a scoreboard wherein data are stored and updated about in which one or ones of said pipeline stages a currently required operand or result, or currently required operands or results, is—or are—located available for use in one or more other ones of said pipeline stages, and wherein data are stored and updated about the type of instruction that is related to said currently required operand or result, or currently required operands or results,
and wherein said one or more other ones of said pipeline stages use of said data about location and said data about instruction type for accessing directly said currently required operand or result, or currently required operands or results, without need to access data stored in said operand/result store.
6. Apparatus according to claim 5, wherein said scoreboard contains an individual incrementer for each address of a register in said operand/result store.
7. Method or apparatus according to claim 6, wherein the first one of said pipeline stages writes a zero value at the address of a destination register in said scoreboard upon a processing instruction entering said first pipeline stage, and all stage counters related to processing instructions that had previously entered said first pipeline stage are incremented every new cycle if the corresponding pipeline stages are not stalled, such that the current pipeline stage counting number is kept up-to-date, and wherein, upon a processed processing instruction leaving the last pipeline stage of said chain of pipeline stages, said pipeline stage counting number is set to an end value that is no more incremented.
8. Method or apparatus according to claim 5 or 6, wherein said chain of pipeline stages, except said first and the last pipeline stage, feed partial or intermediate second pipeline processing operands or results available in one or more of said pipeline stages to a common bus from which said partial or intermediate second pipeline processing operands or results can be accessed by one or more other ones of said pipeline stages at the appropriate time instant or instants without access to said operand/result store.
Description
FIELD OF THE INVENTION

The invention relates to a method and to an apparatus for pipeline processing a chain of processing instructions, in particular to instruction scheduling and result forwarding logic of Reduced Instruction Set Computer (RISC) architectures.

BACKGROUND OF THE INVENTION

Processor instruction pipelines, which split the processing of individual instructions into several (sub)stages and thus reduce the complexity of each stage while simultaneously increasing the clock speed, are typical features of RISC architectures. Such pipeline has a throughput of one instruction per cycle but a latency of several, or ‘n’, cycles per instruction. Such behaviour causes two implications relevant for the invention:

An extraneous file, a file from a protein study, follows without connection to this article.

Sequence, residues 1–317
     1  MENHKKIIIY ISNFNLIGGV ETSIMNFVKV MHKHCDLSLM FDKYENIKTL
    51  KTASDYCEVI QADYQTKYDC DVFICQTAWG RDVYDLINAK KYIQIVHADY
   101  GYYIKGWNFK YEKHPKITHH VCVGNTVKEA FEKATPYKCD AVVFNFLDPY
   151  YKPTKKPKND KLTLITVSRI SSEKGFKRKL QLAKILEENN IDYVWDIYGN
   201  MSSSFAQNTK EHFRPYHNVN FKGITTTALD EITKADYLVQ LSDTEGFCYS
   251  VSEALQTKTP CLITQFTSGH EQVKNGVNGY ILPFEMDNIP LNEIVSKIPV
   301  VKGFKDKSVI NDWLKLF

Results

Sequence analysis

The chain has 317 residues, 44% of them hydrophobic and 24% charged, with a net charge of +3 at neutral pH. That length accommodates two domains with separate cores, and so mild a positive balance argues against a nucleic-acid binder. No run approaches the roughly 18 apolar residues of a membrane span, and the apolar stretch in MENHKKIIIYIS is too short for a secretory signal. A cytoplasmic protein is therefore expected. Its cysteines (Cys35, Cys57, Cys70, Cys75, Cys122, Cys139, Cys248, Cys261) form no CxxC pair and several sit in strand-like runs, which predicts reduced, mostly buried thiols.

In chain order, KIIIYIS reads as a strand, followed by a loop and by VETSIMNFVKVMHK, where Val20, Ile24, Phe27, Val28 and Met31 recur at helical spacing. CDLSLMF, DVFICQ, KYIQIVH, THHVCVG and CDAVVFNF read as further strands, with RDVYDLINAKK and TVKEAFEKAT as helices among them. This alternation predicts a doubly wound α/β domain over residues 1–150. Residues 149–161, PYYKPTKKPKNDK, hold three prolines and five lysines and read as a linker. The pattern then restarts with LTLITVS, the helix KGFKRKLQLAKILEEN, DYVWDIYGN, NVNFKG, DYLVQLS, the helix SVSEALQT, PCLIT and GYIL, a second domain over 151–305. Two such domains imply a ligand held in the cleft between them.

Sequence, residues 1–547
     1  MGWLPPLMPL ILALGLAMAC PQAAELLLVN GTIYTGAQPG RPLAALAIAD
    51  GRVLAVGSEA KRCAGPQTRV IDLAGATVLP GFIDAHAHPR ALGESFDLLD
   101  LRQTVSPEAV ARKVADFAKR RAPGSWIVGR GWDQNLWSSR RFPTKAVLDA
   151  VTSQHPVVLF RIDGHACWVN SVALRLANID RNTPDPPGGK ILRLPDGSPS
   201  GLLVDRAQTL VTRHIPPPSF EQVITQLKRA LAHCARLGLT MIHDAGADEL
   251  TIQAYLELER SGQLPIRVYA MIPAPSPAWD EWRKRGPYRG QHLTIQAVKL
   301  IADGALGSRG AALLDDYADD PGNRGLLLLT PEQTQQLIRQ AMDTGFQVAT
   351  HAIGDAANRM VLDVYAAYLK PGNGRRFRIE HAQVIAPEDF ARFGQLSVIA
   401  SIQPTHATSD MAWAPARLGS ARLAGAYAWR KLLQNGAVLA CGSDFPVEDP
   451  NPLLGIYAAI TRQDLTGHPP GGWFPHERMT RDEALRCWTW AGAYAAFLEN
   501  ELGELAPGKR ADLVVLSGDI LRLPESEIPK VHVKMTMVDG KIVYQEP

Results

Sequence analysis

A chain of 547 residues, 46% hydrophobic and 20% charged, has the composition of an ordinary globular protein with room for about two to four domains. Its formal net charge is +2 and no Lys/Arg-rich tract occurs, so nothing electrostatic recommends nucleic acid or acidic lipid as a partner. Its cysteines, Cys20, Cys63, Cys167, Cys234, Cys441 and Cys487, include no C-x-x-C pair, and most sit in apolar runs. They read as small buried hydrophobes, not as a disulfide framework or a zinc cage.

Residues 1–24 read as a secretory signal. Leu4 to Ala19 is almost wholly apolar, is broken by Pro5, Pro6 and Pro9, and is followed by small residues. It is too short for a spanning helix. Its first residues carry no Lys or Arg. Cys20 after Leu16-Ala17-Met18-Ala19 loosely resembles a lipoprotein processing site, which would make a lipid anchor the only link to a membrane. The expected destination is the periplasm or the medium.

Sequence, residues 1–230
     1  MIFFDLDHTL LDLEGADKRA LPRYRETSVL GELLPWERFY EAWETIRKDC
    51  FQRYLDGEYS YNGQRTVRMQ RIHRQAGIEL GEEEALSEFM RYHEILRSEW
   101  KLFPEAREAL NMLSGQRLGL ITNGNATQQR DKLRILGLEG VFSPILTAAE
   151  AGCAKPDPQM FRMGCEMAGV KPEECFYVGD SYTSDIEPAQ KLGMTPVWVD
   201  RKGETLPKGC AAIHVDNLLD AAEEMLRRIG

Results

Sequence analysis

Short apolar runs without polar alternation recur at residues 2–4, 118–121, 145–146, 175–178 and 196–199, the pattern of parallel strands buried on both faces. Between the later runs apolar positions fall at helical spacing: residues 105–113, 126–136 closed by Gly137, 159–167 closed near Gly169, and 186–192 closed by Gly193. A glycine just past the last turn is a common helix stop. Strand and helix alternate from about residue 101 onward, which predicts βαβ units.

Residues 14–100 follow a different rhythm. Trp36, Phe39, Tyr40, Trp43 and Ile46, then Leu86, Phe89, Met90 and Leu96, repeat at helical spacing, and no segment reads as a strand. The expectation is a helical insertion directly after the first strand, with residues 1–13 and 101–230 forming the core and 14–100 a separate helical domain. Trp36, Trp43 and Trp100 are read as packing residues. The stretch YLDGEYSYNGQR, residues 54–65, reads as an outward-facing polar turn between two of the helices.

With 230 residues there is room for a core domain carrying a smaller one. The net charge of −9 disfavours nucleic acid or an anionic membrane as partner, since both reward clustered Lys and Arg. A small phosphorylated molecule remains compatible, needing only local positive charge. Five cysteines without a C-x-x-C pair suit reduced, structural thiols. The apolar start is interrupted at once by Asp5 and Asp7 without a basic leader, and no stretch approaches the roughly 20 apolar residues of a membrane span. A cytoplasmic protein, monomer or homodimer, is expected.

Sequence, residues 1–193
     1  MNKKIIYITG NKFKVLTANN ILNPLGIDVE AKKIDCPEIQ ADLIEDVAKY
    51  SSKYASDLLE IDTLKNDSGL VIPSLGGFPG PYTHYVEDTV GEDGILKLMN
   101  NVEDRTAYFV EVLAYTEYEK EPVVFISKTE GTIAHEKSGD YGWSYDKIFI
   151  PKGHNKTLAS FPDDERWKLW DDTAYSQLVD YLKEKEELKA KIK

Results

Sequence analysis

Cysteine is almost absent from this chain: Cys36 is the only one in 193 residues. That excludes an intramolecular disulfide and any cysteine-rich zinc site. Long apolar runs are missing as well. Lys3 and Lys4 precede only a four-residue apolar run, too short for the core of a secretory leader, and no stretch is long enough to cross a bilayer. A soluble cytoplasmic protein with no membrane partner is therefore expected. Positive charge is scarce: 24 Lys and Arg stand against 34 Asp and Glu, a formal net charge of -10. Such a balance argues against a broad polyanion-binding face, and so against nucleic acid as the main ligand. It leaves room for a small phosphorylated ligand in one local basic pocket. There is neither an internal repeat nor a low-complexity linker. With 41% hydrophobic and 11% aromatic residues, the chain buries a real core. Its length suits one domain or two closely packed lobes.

• A) If a particular instruction in a sequential instruction stream produces a result that is required as operand for its immediate successor instruction or instructions, the processing of that succeeding instruction must wait (i.e. cannot enter the pipeline and thus generates idling pipeline stages) until the processing of the preceding instruction has generated its result in the corresponding pipeline stage. This kind of processing behaviour is denoted a read-after-write (RAW) pipeline hazard.
    • B) Operands are normally read from a so-called register file. However, after the processing results have been generated, it usually takes one or two additional cycles or stages until these results are actually stored in the register file. If processing units have different latencies (e.g. load operations can usually be processed faster than floating point operations) the delay between result generation and register file access increases, since all processing units must write back in the same stage to ensure precise interrupts. However, it is possible to read the results directly from subsequent pipeline stages by bypassing the register file once the results are actually generated. This type of processing is called ‘result forwarding’.

RAW hazards can be avoided by using a ‘scoreboard’, which scoreboard typically features an individual entry per address of above register file. Once an instruction enters the pipeline, a flag is set at the address of the destination address (i.e. the result address) of this particular instruction. This flag signals that an instruction inside the pipeline wants to write its result to the respective register address. Hence the result is unavailable as long as the flag is set. It is cleared after the instruction process has successfully written the result into the register file. Any subsequent instruction that wants to enter the pipeline must check whether the flag is set for at least one of its source (i.e. operand) register addresses. The instruction is not allowed to enter the pipeline as long as these flags are not cleared. Therefore the scoreboard must be accessed every cycle.

E.g. in John L. Hennessy, David A. Patterson: “Computer Architecture: A Quantitative Approach”, Morgan Kaufmann Publishers, ISBN: 1558605967, 3rd edition 15 May 2002, scoreboard architectures are described in detail.

SUMMARY OF THE INVENTION

A disadvantage of known scoreboard solutions is that they use comparably costly and communication-intensive low-speed implementations of the forwarding and instruction scheduling logic. To implement such forwarding for each instruction intending to enter the pipeline, it must be checked for each operand, whether the operand address shows up as destination register on one of the pipeline stages following generation of results. Especially in case of processing units featuring differing delays, quite a few pipeline stages carry results suitable for forwarding. The known forwarding implementation requires concurrent communication with all of them.